Zoning gives property owners in the county's unincorporated areas of Harrison County protection against certain development that could occur right next to them. But some zoning opponents say the new law could prevent them from living where they want. Ask Tracie and Joanna Smith say zoning stopped them from putting a mobile home on a one acre plot of land. But the zoning director says that may not be the case depending on what kind of buildings surround the property. That would be determined after the women apply for a mobile home permit. Tracie and Joanna say financially they can't afford to buy more land. Joanna Smith says, "Three acres is hard for a lot of people on their own to buy, a single parent especially. I'm a single parent with three kids and I can't go out and buy three acres of land and build a home on it. One or two maybe would be possible but not three." "By the time you get the loan, then you have to have permits for your well and your septic tank and your electricity, you can't afford it, you can't afford three acres," says Tracie Smith.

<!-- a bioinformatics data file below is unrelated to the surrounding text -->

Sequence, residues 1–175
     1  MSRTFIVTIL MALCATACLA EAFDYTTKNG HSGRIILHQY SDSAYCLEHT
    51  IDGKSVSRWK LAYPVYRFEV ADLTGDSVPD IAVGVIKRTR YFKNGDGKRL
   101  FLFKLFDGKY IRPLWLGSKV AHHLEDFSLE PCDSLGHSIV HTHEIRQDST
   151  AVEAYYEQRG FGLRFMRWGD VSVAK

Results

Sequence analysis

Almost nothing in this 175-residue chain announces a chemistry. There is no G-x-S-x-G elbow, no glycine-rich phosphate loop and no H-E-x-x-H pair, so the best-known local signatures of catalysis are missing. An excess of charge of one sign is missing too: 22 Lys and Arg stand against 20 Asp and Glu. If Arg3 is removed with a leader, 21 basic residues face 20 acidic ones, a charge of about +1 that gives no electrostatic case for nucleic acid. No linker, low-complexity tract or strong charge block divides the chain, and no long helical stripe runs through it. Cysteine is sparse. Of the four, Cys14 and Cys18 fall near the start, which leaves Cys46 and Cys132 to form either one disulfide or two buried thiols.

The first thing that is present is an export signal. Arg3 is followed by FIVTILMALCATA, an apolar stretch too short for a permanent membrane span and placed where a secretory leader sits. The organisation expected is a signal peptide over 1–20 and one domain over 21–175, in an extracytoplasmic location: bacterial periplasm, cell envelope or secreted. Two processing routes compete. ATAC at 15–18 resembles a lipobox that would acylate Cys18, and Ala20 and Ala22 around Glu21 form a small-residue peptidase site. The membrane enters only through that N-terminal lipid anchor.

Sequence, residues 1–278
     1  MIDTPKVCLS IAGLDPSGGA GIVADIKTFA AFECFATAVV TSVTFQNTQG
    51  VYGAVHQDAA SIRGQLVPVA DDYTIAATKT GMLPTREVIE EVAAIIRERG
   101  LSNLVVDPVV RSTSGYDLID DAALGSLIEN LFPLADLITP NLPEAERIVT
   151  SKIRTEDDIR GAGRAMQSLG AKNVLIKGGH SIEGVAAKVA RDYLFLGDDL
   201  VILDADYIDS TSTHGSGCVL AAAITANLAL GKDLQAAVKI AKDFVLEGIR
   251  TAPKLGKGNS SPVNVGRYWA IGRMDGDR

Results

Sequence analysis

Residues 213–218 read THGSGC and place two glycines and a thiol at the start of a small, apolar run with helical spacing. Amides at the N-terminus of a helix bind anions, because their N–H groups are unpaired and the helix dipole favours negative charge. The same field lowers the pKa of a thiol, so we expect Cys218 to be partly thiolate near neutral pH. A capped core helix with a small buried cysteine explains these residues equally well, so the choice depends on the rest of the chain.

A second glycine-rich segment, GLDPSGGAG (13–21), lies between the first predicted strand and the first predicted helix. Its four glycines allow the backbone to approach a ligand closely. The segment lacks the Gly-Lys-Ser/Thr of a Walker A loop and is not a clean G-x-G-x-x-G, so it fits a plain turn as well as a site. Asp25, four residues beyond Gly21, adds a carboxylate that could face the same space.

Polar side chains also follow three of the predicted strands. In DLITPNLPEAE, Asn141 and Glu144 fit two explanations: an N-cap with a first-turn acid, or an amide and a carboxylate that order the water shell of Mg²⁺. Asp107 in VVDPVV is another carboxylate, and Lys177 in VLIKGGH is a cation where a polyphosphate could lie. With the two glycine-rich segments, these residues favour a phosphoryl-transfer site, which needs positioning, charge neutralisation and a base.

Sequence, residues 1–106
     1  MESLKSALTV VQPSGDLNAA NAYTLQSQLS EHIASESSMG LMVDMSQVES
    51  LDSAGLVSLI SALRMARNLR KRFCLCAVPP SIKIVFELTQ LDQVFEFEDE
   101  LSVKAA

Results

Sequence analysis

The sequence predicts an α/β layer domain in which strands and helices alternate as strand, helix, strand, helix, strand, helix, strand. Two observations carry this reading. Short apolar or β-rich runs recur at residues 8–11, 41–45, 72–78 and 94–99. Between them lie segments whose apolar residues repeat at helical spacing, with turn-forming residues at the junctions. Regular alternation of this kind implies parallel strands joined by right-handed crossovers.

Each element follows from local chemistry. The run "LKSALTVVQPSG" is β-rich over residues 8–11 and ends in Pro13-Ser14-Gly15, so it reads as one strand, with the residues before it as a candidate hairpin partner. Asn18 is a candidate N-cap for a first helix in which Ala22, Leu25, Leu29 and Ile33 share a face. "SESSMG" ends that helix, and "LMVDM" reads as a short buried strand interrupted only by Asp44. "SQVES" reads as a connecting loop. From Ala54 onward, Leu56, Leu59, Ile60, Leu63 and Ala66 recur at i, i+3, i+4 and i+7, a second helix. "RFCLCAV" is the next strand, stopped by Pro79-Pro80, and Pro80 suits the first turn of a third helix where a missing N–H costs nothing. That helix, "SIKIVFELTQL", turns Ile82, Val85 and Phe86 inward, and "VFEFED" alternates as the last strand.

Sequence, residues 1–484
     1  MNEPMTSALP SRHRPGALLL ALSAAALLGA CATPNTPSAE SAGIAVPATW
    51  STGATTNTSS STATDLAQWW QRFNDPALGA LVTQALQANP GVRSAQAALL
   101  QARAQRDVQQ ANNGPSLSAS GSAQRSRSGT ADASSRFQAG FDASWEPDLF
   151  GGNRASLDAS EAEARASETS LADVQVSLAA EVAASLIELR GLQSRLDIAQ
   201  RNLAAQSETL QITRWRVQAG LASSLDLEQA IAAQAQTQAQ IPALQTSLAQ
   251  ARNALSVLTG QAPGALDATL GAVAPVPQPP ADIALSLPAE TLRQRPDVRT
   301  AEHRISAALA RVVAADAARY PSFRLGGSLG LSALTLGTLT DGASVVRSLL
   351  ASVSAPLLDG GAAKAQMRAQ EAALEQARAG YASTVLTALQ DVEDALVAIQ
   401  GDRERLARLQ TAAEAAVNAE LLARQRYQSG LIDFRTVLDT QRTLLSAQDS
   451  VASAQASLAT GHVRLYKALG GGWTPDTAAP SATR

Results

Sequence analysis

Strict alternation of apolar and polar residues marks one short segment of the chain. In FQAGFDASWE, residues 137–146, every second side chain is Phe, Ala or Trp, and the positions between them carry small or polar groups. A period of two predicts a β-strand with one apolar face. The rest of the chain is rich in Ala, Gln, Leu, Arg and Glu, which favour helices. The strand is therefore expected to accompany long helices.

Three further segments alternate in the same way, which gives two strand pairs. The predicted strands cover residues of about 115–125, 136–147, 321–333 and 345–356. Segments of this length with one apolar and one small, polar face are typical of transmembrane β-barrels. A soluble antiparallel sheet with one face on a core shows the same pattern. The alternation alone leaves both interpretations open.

Zoning may cause hardship to some people but the supervisors say the county is growing too fast not to have some sort of land use regulations in place.Supervisors' President Larry Benefield says, "Citizens realized zoning was there for protection of them and their property value so the county was ready for it. Even during the hearings we had very little complaint about trying to put zoning in this county. Most of it was positive, things about why we need zoning." Benefield says he knows zoning is causing problems for some people, but he says once all the kinks are worked out, the county as a whole will benefit."I think there's been some hard times some growing pains with it with some people not understanding why they can't put a mobile home on a particular piece of parcel or why they have to divide a piece of property into smaller parcels to subdivide it but I think as a general rule people are satisfied with it."